Unlike me, she hadn’t dreamed of meeting someone Jewish and having a Jewish wedding.
I was only able to relax around non-Jewish women, because I didn’t feel the same pressure; that’s how I met, and fell in love with, my wife.
She was also unbendingly ethical, deeply scholarly, and emotionally supportive—virtues I’d always believed essential in a prospective girlfriend or wife.
Since she wasn’t Jewish, though, a relationship with her didn’t seem possible; I thought of her as simply a good friend. I created an online dating profile on e Harmony, hoping that its mystical personality matching system would somehow do the job that I had proven unable to accomplish on my own.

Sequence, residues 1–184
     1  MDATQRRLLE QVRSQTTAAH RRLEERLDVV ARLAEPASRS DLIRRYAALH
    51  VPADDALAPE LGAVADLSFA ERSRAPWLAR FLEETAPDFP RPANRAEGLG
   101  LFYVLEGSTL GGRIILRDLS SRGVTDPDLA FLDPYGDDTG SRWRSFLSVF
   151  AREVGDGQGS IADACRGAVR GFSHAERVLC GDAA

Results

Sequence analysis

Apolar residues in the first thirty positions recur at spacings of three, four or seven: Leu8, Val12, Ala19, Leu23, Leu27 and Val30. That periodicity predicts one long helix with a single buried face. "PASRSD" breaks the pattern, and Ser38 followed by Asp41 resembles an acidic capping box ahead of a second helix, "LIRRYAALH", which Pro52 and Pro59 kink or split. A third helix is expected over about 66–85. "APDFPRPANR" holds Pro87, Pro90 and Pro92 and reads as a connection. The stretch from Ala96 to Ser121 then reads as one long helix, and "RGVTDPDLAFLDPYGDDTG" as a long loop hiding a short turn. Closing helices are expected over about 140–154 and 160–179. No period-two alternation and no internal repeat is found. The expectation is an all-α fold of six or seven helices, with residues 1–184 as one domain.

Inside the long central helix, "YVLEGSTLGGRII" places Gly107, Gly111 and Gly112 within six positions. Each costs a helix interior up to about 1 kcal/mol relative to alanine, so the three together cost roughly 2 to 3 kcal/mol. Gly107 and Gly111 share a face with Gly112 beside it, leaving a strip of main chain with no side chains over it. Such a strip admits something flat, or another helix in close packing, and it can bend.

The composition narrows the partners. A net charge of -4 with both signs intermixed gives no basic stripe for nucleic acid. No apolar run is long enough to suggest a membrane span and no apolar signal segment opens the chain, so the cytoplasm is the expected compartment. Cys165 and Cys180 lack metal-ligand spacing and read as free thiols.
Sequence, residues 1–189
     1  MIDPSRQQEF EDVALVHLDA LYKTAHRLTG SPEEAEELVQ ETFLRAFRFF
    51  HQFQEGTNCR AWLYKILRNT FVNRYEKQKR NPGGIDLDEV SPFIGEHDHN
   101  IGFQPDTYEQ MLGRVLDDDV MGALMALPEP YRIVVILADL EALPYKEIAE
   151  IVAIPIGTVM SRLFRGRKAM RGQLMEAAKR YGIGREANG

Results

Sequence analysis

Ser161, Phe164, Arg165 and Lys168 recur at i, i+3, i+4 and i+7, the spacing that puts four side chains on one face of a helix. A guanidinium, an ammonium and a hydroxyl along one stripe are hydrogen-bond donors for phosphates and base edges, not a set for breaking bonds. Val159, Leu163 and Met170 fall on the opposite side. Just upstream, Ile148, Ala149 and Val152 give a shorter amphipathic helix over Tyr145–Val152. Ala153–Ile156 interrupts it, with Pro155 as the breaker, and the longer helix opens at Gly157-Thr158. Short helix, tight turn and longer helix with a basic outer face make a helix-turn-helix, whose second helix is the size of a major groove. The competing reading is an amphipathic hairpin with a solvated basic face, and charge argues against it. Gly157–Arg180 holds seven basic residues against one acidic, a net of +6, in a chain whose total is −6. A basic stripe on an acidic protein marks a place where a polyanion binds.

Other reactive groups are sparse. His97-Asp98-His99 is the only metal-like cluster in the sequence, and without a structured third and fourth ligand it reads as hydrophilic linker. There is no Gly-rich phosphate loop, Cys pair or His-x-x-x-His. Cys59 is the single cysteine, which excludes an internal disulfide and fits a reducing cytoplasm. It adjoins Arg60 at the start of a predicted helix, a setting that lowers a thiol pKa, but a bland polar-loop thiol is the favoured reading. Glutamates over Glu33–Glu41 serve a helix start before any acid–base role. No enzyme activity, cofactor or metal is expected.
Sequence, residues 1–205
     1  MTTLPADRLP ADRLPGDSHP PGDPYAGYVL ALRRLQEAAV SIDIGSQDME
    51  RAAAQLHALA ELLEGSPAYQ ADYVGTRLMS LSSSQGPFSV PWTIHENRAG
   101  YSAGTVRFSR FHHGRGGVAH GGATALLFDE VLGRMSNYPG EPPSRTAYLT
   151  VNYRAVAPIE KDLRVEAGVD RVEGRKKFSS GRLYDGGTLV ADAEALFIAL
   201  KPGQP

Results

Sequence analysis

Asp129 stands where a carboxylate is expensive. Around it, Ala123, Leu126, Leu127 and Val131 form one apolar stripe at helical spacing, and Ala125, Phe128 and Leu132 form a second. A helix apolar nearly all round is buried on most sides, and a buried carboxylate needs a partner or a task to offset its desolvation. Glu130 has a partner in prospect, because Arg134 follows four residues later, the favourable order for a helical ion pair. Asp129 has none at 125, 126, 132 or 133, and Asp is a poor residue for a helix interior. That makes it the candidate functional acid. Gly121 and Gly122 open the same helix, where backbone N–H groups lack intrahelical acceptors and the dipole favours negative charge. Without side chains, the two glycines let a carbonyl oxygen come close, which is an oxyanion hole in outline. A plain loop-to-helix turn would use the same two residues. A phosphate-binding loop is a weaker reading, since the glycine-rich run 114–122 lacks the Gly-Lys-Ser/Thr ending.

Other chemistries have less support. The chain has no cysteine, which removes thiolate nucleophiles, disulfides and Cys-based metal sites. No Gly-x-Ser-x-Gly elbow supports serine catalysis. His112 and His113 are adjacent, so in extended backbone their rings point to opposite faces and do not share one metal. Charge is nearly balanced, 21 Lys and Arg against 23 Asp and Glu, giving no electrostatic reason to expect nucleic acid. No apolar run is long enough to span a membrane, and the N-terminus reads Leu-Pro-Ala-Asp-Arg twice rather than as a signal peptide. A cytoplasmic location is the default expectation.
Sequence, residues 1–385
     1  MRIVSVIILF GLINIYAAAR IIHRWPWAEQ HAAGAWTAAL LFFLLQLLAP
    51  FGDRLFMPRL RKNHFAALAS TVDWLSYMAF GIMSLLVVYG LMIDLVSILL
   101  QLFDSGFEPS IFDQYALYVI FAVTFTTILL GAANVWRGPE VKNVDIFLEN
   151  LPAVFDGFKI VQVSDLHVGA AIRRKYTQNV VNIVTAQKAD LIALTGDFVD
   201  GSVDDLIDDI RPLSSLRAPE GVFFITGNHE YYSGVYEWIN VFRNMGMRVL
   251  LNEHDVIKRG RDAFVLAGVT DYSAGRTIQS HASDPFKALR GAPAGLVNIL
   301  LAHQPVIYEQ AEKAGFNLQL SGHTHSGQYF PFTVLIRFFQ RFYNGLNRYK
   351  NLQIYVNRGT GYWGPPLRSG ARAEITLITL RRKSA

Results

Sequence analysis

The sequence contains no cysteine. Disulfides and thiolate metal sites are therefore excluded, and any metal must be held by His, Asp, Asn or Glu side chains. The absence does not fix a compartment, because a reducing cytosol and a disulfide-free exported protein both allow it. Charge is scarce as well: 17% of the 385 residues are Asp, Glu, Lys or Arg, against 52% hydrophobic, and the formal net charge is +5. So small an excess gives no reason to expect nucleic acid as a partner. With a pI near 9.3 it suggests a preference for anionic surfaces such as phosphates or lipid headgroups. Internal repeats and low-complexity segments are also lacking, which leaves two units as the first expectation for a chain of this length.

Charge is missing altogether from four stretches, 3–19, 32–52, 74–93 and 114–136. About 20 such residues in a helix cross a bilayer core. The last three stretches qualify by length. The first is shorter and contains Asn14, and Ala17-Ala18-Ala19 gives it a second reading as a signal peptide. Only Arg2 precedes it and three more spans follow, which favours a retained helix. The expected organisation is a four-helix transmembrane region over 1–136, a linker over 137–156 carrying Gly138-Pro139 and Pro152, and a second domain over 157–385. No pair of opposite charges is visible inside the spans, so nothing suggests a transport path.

This was my ulterior motive when I planned a trip up to New England.
This information was pounded in from all directions, from rabbis, from my parents, my grandparents, Hebrew High School, Camp Ramah.
My parents liked Alicia, but not the fact that she wasn’t Jewish.
My paternal grandparents were more concerned; I promised them that I would only marry a Jewish girl.
When she arrived at my friend’s house, her hair was dyed red and she was dressed in a black suit: very Agent Scully. We went out for Thai food with my friend and his wife.
It felt very much like a double date between two married couples, even though the meeting was hardly planned that way.
In high school, this decision proved to be mostly moot. I tried not to follow up on them at first, but I was frustrated and lonely and had finite willpower.